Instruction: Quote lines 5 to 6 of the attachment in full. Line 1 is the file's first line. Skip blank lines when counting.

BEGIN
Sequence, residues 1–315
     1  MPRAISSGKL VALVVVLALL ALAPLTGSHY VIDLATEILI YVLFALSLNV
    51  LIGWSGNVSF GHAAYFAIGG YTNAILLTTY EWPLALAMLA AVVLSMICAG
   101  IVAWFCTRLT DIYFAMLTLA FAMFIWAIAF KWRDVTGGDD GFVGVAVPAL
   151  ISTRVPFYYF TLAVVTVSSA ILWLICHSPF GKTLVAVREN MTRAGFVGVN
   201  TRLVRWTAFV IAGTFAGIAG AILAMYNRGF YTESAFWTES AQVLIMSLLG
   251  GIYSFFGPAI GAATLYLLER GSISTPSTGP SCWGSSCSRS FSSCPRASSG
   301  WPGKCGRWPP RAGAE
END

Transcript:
   151  ISTRVPFYYF TLAVVTVSSA ILWLICHSPF GKTLVAVREN MTRAGFVGVN
   201  TRLVRWTAFV IAGTFAGIAG AILAMYNRGF YTESAFWTES AQVLIMSLLG